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A SKETCH OF THE LIFE OF THE REV. JOSEPH BEAN, THE THIRD

PASTOR OF THE CHURCH IN WRENTHAM.

Mr. Bean was born in Bos. became seriously disposed, and ton, February 24th, 1718, old invited him to join with them in style. His pious Parents devo. holding a private religious meet. ted him to God according to his ing on Sabbath evenings, with own institution, and brought which he complied. In conse. him up in the nature and admo. quence of what he heard and nition of the Lord. But not. saw in these mectings, and of withstanding these religious ad. what he read concerning some vantages, the native corruption young persons, who lived a pi. of his heart led him to spend his ous life and died a triumphant childhood in vanity. No seri. death, he became convinced of ous impressions appear to have the reality and importance of re. been made upon his mind until ligion, and began a constant he was twelve or thirteen years course of religious duties. A. old. About that time, the Spir. greeably to his father's will, he it of God strove with him, and now went to Boston to learn a turned his attention in some trade, being fully resolved to measure to religious objects, and keep out of the way of tempta. to religious exercises. He soon, tions, and attend to the concerns however, stifled his convictions, of his soul. He prayed to God and fell into great stupidity and morning and evening, and read hardness of heart. While he the holy scriptures, or some dewas in this state of mind, he re- votional book, almost every moved with his parents from night. He meditated upon Boston to Cambridge, where he spiritual things, while pursu. was sent to school, but he was ing his daily employment, and so idle and inattentive to learn. kept a kind of Diary of his life, ing, that his father found it and really thought he had comproper to take him from school, munion with God. Very soon and under his own instruction. he became acquainted with some When he was about fifteen years young nico in Boston, who for. of age, some of his companions med a high idea of his religious VOL. II. New Series.

30

character, and spoke of him as at that time he became the subject an eminent christian ; which he of pungent convictions, which says

he found excited in his heart never left him till they issued in a a pharisaical pride. But after sound conversion. For a numa while, becoming acquainted ber of months, he was extremely with other young people and as- distressed. He read, he prayed, sociating with them, he thought he attended religious meetings of that this precise way of living, all kinds, followed the most zeal. as they called it, would not do, ous and powerful preachers, and and he gradually neglected to conversed with his own minis. go to private meetings, and to ter, but only perceived more and keep a Diary, and became negli. more the corruption and obsti. gent as well as formal in all se- nacy of his heart. Sometimes he cret duties, though he still was upon the very point of despunctually attended the public pair, and ready to give up him.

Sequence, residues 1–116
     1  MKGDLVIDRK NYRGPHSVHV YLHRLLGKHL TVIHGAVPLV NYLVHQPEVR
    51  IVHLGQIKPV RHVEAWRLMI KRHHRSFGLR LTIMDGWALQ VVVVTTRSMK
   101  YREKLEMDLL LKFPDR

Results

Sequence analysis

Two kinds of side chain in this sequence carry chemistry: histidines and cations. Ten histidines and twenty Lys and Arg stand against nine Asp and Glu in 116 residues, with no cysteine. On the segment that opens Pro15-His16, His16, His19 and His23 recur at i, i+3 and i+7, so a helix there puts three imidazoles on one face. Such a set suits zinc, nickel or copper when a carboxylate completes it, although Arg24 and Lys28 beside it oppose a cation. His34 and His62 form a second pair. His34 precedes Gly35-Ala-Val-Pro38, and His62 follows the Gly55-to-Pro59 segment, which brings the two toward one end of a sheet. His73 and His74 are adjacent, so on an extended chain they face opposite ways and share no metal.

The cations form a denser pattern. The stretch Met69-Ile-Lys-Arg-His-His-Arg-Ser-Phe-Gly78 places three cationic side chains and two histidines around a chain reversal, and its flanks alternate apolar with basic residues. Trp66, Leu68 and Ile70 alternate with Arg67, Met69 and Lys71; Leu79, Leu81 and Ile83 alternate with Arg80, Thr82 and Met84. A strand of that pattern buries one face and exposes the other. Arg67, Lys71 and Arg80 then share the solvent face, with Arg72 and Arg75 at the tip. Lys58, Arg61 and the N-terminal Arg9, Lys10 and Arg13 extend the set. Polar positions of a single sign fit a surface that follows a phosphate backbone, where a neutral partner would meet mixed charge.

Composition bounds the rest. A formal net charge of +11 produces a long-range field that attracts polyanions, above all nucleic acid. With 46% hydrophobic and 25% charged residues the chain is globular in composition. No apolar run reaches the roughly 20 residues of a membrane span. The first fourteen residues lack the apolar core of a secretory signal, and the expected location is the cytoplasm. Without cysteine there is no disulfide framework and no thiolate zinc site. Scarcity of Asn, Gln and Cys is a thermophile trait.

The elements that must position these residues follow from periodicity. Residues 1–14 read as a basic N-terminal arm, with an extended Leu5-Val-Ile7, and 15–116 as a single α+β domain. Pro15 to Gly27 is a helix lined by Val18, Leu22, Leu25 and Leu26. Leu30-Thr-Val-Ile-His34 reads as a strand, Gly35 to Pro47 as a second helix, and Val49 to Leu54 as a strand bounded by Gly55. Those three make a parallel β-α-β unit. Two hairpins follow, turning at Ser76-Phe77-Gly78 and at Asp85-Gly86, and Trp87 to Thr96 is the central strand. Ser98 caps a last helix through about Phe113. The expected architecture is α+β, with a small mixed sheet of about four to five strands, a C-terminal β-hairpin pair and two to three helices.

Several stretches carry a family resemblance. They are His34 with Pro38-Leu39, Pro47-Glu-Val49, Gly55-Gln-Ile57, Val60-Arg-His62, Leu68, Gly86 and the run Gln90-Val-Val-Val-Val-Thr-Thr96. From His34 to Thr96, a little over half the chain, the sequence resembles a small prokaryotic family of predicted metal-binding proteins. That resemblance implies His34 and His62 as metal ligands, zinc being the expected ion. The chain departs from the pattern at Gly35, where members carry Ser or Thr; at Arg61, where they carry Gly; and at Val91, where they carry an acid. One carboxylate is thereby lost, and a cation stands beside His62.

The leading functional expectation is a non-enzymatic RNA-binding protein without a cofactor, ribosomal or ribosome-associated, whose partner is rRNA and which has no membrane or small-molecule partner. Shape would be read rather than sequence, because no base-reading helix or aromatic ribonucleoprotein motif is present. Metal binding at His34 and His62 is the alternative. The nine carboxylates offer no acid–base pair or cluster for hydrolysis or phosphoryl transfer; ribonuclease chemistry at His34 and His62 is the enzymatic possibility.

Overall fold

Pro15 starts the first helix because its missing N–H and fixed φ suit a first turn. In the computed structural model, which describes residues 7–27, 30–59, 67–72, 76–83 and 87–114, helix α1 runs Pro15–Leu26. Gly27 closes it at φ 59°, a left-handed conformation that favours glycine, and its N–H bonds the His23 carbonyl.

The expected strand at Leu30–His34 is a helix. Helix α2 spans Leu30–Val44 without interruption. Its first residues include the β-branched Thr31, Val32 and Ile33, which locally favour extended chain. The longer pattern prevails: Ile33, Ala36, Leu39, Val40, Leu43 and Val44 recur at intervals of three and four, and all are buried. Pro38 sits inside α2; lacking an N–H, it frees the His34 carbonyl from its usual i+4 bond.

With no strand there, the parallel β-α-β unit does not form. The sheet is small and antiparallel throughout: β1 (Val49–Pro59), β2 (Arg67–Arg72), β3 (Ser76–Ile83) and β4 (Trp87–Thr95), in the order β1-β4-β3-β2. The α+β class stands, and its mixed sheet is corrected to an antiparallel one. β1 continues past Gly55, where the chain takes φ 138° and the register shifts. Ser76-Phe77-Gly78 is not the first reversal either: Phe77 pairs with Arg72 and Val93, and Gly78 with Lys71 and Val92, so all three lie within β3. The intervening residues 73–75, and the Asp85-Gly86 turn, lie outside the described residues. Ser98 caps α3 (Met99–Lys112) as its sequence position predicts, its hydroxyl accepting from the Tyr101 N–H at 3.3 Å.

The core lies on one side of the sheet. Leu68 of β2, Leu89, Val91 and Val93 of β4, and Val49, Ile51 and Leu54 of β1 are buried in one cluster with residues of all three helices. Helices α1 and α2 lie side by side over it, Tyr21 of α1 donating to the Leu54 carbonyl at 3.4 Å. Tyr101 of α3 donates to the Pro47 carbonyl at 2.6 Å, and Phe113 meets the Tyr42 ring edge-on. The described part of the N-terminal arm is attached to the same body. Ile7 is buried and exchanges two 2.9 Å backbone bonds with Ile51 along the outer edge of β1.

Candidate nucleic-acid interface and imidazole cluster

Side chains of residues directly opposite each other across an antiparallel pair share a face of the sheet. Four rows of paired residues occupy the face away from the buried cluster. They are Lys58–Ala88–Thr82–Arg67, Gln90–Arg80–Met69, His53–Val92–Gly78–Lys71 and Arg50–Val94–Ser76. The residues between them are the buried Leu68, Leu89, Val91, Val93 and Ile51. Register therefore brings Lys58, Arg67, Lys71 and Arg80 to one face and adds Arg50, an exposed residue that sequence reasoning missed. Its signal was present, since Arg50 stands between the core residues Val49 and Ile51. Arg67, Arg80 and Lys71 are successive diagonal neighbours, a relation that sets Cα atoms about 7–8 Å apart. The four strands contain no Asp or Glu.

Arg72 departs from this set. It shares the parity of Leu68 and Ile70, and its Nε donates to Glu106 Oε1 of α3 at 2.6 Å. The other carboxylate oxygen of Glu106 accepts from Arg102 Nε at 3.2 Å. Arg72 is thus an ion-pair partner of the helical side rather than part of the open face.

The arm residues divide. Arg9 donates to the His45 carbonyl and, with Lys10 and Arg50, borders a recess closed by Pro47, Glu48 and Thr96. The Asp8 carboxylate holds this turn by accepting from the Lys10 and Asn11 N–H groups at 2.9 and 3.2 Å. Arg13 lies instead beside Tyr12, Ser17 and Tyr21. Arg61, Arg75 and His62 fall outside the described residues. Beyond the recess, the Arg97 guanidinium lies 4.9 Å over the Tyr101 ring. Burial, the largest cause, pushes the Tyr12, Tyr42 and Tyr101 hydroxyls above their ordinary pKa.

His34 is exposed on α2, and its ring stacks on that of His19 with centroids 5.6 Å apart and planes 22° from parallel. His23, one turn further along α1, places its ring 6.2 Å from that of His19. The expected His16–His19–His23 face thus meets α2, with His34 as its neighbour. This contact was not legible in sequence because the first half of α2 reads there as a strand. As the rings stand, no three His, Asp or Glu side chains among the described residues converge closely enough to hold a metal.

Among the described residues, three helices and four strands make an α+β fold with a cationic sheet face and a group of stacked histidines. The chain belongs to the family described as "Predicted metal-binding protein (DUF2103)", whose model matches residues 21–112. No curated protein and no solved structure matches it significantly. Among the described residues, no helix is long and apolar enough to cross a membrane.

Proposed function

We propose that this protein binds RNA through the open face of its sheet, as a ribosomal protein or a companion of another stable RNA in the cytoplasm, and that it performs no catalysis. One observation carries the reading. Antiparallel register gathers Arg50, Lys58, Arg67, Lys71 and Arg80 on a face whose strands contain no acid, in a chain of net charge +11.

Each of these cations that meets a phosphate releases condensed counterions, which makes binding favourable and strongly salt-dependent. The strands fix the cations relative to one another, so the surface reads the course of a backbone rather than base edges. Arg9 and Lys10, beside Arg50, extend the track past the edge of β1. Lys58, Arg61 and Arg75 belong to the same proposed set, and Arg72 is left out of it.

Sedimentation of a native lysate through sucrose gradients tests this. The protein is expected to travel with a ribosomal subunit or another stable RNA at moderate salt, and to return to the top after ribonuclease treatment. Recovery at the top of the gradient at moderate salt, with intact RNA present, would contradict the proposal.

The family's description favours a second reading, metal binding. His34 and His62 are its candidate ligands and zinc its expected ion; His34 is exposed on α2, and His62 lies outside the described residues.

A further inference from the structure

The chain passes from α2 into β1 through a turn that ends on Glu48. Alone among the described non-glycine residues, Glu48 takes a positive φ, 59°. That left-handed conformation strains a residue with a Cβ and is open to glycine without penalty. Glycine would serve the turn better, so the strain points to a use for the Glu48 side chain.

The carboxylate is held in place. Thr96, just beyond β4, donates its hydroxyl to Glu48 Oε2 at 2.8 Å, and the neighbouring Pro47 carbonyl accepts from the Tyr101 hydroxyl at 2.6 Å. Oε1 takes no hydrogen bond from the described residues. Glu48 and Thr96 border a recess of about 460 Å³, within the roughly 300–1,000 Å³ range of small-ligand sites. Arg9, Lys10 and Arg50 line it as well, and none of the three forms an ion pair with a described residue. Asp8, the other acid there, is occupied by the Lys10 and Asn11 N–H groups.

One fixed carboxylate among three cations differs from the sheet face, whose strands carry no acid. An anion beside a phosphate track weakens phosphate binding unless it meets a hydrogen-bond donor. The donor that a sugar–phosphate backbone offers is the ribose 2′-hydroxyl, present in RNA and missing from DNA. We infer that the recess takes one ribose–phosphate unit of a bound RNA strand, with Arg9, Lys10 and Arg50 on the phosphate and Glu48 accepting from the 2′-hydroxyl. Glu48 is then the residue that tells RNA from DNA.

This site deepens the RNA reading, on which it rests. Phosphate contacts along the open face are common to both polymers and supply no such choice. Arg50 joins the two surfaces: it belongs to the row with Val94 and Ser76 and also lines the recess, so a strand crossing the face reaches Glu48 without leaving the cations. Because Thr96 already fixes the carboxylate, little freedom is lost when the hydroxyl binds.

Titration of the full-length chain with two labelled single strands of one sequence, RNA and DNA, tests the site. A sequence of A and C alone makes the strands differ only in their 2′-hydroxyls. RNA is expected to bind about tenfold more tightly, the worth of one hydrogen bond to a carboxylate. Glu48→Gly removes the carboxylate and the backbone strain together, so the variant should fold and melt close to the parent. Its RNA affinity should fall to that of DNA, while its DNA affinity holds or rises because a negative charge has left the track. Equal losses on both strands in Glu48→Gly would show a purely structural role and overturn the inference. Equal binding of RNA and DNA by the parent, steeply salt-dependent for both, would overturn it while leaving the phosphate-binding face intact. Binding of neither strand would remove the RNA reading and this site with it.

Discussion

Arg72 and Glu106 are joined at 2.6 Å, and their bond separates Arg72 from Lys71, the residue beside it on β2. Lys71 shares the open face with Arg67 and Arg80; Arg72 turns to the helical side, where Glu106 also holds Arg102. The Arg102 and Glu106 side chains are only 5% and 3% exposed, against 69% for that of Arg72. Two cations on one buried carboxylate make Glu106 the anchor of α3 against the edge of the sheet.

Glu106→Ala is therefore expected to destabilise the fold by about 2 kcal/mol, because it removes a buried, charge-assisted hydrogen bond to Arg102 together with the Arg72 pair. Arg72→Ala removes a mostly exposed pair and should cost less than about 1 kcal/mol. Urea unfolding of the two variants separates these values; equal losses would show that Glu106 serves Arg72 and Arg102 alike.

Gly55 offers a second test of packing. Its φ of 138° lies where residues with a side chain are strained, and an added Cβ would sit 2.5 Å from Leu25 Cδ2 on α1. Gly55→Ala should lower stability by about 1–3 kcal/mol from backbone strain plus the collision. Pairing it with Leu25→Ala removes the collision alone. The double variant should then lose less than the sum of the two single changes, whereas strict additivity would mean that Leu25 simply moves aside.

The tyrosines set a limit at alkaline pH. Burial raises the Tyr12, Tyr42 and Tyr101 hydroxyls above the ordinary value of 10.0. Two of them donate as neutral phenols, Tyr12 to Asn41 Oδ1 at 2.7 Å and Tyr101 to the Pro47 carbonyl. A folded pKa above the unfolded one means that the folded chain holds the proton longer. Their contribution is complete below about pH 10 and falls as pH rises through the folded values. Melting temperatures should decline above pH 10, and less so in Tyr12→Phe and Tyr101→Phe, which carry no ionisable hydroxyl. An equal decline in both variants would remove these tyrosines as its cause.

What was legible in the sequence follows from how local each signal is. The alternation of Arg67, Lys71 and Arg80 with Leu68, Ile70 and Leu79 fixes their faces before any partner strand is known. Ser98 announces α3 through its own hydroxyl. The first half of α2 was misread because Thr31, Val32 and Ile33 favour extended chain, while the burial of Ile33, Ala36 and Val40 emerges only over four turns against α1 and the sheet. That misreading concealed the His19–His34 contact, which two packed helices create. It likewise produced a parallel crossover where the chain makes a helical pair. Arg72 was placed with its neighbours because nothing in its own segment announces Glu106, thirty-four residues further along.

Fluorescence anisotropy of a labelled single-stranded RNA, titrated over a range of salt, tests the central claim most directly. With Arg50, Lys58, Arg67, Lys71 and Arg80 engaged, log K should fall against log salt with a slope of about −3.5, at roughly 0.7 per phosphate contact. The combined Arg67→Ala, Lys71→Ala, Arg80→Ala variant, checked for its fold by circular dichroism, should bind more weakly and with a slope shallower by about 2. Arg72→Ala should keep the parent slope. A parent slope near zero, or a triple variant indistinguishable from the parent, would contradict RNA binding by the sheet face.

. worship of God in his house. As self for lost. But at length, he thus gradually lost a sense of God was pleased to shed abroad God and divine things, the world his lore jo his heart, remove his and things of the world gained heavy burden, and put a new his supreme regard and attention; song of praisc into his mouth. so that when he came out of his The love of God now constrain. apprenticeship, and set up for ed him to give up himself to his himself in Cambridge, he was service, without reserve. Ac. greedily engaged to accumulate cordingly he says in his Diaproperty, and felt greatly cha. ry for June 26th, 1741. “This grined, whenever his business did day I do most seriously and sol. not prosper according to his de- emnly set apart for the service sires and expectations. But of God and of my own soul, by though he resolved to get the reading, and praying, and giving world, and neglect religion, up myself to God, to be ruled as yet he was soon awakened out well as saved by him; and would of his carnal security. Towards now, upon my knees, humbly the fall of the year 1741, he beg that he would be with and heard Mr. WHITEFIELD preach direct me, in this most solemn several times, who alarmed his transaction, and give me to conconseience, and drew tears from sider, that I am not covenanting his eyes. About the same time he with man, but with the great was sensibly affected by several and holy God, who canoot be solemn and searching discourses deceived, and will not be mockof Mr. TENNENT. But a sermon, ed." The form of the covenant which Mr. APPLETON preached which he used on this occasion, upon these words, “ They that he transcribed from a book of be whole need not a physician, Mr. Allen's. The next impor. but they that are sick,' made the tant duty, which he felt himself deepest and most abiding im. under peculiar obligation to perpressions upon his mind. By form, was that of making a pubmeans of such discourses, in con- lic profession of religion before nexion with the great and general the world. But he did not pre. attention to religion, which pre